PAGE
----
Such are the perils of research.

   Ms. Maio says that Black Eagle is “a charming mystery” — a phrase that also describes Castlecourt Diamond. The story of the theft of the Marchioness of Castlecourt’s diamonds is told in six “statements.” The first, by the Marchioness’ maid, describes the theft, introduces the main characters, and mentions the two detectives, one official, one private.

   The second section is narrated by “Lilly Bingham, known in England as Laura Brice, in the United States as Frances Latimer, to the police of both countries as Laura the Lady.” It’s not much of a surprise that Laura stole the diamonds, though whether she was acting for someone else is not yet clear.

   On the whole, however, the mystery is primarily a vehicle for Bonner to produce a comedy of manners, and the interest in the second part is Laura’s successful attempt to plant the diamonds on an unsuspecting American couple, Cassius and Daisy Kennedy. The Kennedys have been courting London society (they already know “a bishop and two lords”) and thus can’t throw out Laura and her henchman when, pretending an invitation, they arrive for dinner.

   Two parts of the story are statements by the Kennedys, detailing their schemes to rid themselves of the diamonds and culminating in the theft of the jewels by a seeming sneak-thief. John Burns Gilsey, a private detective engaged by Lord Castlecourt, narrates a section that explains his deductions pointing to the Marchioness as the instigator of the plot, but the book concludes with a statement by the Marchioness showing that Gilsey was only partly correct.

   The Castlecourt Diamond Case is indeed charming, and it is made even more so by its brevity — with large type and margins it contains less than 30,000 words, a far cry from many Victorian and Edwardian detective novels, as anyone who has labored through, say, Lawrence Lynch’s novels with their 550 godawful pages will testify.

   I can’t claim to be the discoverer of Geraldine Bonner, but I’m happy to join Kathi Maio in recommending her works.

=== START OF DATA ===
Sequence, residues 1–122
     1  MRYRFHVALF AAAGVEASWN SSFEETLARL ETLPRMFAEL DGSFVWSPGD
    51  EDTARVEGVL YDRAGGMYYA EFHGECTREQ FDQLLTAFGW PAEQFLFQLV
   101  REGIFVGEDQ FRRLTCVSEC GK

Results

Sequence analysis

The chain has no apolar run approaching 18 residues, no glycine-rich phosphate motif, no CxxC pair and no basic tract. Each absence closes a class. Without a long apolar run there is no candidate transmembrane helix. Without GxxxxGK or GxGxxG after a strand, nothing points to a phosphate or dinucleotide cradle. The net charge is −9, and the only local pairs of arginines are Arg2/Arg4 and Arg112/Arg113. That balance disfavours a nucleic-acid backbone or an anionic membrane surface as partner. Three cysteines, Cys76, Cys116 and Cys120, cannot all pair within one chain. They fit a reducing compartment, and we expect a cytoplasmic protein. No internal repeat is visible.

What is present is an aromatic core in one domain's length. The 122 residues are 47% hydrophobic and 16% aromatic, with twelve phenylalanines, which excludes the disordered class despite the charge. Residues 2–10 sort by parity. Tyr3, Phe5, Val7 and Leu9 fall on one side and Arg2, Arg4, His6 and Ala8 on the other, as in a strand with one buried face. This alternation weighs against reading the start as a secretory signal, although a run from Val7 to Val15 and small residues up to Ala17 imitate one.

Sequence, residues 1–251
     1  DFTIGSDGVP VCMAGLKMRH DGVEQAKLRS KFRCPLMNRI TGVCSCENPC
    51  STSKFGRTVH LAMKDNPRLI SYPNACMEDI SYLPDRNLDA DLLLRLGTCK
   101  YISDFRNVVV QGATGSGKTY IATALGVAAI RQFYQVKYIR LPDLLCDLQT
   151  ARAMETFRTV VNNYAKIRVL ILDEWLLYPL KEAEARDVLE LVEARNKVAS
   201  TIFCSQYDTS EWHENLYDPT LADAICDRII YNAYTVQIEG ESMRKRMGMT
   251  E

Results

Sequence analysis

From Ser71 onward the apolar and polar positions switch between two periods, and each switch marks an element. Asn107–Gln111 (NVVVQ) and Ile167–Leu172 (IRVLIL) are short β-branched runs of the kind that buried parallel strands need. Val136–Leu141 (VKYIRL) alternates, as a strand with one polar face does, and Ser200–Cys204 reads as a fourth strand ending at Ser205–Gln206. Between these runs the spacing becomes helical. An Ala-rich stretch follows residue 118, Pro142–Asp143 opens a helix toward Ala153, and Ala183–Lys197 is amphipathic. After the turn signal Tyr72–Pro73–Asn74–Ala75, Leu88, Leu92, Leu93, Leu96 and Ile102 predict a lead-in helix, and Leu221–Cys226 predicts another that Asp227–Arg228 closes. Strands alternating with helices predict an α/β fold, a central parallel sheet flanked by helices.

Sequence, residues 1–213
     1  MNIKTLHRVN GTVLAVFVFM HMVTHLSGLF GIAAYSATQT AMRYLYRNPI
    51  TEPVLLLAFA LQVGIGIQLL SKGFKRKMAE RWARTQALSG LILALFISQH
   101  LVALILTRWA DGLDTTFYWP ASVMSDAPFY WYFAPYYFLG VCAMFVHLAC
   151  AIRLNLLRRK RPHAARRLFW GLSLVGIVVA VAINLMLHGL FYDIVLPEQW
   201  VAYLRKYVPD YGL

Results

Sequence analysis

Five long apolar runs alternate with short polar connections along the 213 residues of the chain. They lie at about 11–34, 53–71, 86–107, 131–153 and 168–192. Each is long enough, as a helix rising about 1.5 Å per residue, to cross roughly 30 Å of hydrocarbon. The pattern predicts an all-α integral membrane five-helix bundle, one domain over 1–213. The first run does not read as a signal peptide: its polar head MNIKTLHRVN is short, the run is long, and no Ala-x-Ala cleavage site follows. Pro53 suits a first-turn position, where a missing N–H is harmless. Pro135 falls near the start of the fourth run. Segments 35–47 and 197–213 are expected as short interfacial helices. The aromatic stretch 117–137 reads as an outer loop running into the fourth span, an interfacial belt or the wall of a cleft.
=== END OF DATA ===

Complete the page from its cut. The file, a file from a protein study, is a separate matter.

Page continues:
— Reprinted from The Poisoned Pen, Vol. 6, No. 2, Winter 1984/85.

BIBLIOGRAPHY:   [Taken from the Revised Crime Fiction IV, by Allen J. Hubin]

       GERALDINE BONNER (1870-1930). Born in Staten Island, N.Y.

The Castlecourt Diamond Case (n.) Funk 1906.
The Girl at Central (n.) Appleton 1915 [Molly Morganthau (Babbits)]
The Black Eagle Mystery (n.) Appleton 1916 [Molly Morganthau (Babbits).]
Miss Maitland, Private Secretary (n.) Appleton 1919 [Molly Morganthau (Babbits)]
The Leading Lady (n.) Bobbs 1926.
-Taken at the Flood (n.) Bobbs 1927.

Hi Steve,

   W. B. M. Ferguson’s dates are given everywhere, including Crime Fiction IV, as 1881-1967. The birth is correct according to the Irish births registration, but I have now found in the English National Probate Calendar the death of a William Blair Morton Ferguson on 12 January 1958 in Londonderry.

   I have told Allen Hubin as it seems unlikely there are two people of that name, though one never knows.

   But, as I have said, as the 1967 death is given everywhere, I wonder if you could mention this to see if anyone can provide more information. It would also help to spread the word of that incorrect date – if it is incorrect.

   Many thanks


      BIBLIOGRAPHY     [Taken from Crime Fiction IV, by Allen J. Hubin] —

FERGUSON, W(illiam) B(lair) M(orton) (1881-1967); see pseudonym William Morton; Born in Belfast.

* *The Big Take (Long, 1952, hc) [U.S.]
* *-Black Bread (Long, 1933, hc)
* *The Black Company (Jenkins, 1925, hc) [New York] Chelsea, 1924.
* *Boss of the Skeletons (Long, 1945, hc) [New York City, NY; 1920 ca.]
* _The Clew in the Glass (Chelsea, 1926, hc) See: The Clue in the Glass (Jenkins 1927).
* *The Clue in the Glass (Jenkins, 1927, hc) [U.S.] U.S. title: The Clew in the Glass. Chelsea, 1926.
* *Crackerjack (Long, 1936, hc) Film: Gainsborough, 1938; released in the U.S. as Man with 100 Faces (scw: A. R. Rawlinson, Michael Pertwee, Basil Mason; dir: Albert de Courville).
* *Dog Fox (Long, 1938, hc)
* *Escape to Eternity (Long, 1944, hc) [Dan Cluer; New York City, NY]
* *The Island of Surprises (Long, 1935, hc)
* *London Lamb (Long, 1939, hc)
* _The Murder of Christine Wilmerding (Liveright, 1932, hc) See: Little Lost Lady (Hurst 1931), as by William Morton.